What about the rest of the world? Well, as a whole, Europe is increasingly stagnant politically and economically, is beset by homegrown terrorism, and lacks unity on foreign policy issues. The prognosis for Europe’s institutions isn’t much better. NATO will still be relevant because it’s backed by US power, though likely less meaningful as time goes on if Washington does indeed turn inward. The EU is a home to a large economic base, and so that makes the EU an important economic player. The downsides, of course, are that the EU is steadily losing ground—to countries like China and India—and that the EU is riven by internal divisions, many of which are the result of overexpansion. And although Europe’s two major powers, France and Germany, try to be helpful on global issues, especially climate change, they have too much on their plate—the EU, terrorism, Putin, internal political pressures—to be counted on consistently. So overall, don’t expect much global leadership from Europe.

The same bad news goes for the Middle East and Africa: both regions are home to unstable states, poor economies, widespread extremism and violence; plus, the Middle East remains bedeviled by the Israeli-Palestinian conflict, which shows little sign of abating anytime soon. The big picture, in short, is of two regions in which most countries are bogged down with political, economic, and security troubles either in their own backyard or their own neighborhood. These aren't favorable conditions for any country in either region to exercise much leadership on a global level.

On top of all this, a number of regional players are more confident than ever, more willing to act on their interests and more willing to buck what the superpowers say. This is certainly applicable to countries like India and Indonesia—two countries that want good ties with China and the US, but are unwilling to cave into their demands, because of cultural and political pressures. Additionally, tiny Qatar, Russia, Turkey, among others, have their own regional dreams and ambitions and are determined to go their own way, even if it means they butt heads with the US and cause regional and international trouble.

In this international environment, it’s hard to get big things done, to solve global problems. Essentially, this is the G-Zero dilemma that Ian Bremmer and others have pointed out and expressed concern about. But whereas Bremmer sees a G-Zero as a temporary phase, lasting 5-10 years, I see it as something more permanent, likely enduring until some shock occurs in the international system, which could take decades to manifest itself.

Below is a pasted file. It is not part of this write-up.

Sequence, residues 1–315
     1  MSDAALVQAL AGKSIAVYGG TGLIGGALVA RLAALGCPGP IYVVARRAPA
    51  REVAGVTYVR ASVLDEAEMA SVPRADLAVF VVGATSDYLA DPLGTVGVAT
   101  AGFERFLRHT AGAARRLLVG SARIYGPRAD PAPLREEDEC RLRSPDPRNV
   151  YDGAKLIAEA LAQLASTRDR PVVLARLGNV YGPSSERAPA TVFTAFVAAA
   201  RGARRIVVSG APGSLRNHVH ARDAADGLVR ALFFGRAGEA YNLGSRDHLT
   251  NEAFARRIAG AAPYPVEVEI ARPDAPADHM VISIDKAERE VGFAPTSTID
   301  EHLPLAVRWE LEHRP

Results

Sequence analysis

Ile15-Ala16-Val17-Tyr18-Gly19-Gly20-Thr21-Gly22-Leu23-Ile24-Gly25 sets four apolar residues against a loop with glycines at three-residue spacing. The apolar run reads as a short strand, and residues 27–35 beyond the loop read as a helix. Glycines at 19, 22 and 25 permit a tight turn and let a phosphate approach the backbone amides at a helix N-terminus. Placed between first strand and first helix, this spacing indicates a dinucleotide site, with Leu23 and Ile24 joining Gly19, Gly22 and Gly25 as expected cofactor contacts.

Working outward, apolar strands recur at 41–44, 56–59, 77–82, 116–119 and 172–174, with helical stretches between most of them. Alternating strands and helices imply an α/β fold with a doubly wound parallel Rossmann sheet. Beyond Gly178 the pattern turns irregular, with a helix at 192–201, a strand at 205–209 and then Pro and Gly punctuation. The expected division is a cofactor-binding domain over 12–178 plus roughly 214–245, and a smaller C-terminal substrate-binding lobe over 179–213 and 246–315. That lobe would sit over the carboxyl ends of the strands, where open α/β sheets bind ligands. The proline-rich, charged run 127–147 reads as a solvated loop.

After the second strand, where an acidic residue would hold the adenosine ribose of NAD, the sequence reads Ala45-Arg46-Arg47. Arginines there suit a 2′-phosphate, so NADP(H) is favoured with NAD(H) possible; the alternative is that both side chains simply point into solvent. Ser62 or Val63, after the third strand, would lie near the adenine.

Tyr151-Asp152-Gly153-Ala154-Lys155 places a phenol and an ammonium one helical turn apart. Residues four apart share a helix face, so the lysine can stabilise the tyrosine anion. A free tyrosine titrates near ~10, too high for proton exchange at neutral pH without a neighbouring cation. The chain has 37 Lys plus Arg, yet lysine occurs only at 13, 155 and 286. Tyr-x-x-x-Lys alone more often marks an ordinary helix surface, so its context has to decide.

Friday, January 16, 2015

Boko Haram: The "Other" Terrorist Attack

In early January, according to Amnesty International, Boko Haram terrorists in northeast Nigeria reportedly killed as many as 2000 people. Accounts of the attacks tell of bloodthirsty terrorists razing anything and killing anyone that they encountered on their rampage through Nigerian villages. The attacks have forced about 20,000 people to flee to neighboring countries for safe haven. Alarmingly, there are reports that Boko Haram has used young girls in their attacks, including a 10 year-old, who on the 10th, “detonated powerful explosives concealed under her veil at a crowded northern Nigeria market on Saturday, killing as many as 20 people and wounding many more.”

What’s more, national elections in Nigeria are scheduled for next month. There is strong international concern that this violence, as bad as it is already, could spike as voters head to the polls. In fact, the upcoming elections might have been a motivating factor in Boko Haram's mayhem, as reports indicate that the BH terrorists commanded those who survived not to participate in the polls. In fact, Ian Bremmer goes even further, making an interesting point: "Boko Haram wants to force the country’s electoral commission to cancel or indefinitely postpone the vote there. We’ll likely see at least some voting there, though only under heavy security, making it easier for losers to challenge the integrity of the results."

Alas, despite the large number of fatalities in Nigeria, the terror attacks there have gone largely underreported. It’s been the terror attacks in France that have dominated world news over the past week or two, pushing the Nigerian events to the back burner. Even though we now have a steady stream of 24-hour cable and satellite news outlets, as well as the Internet, media chatter and attention is still primarily driven by only issue at a time. Of course, the downside to that is that lots of other issues—at times, important issues—fly under the radar. The terror attack launched by Boko Haram is the latest example of the single-issue focus of the media. The brutality of Boko Haram has gotten barely a peep from news and policy journals, newspapers, etc., especially here in the States.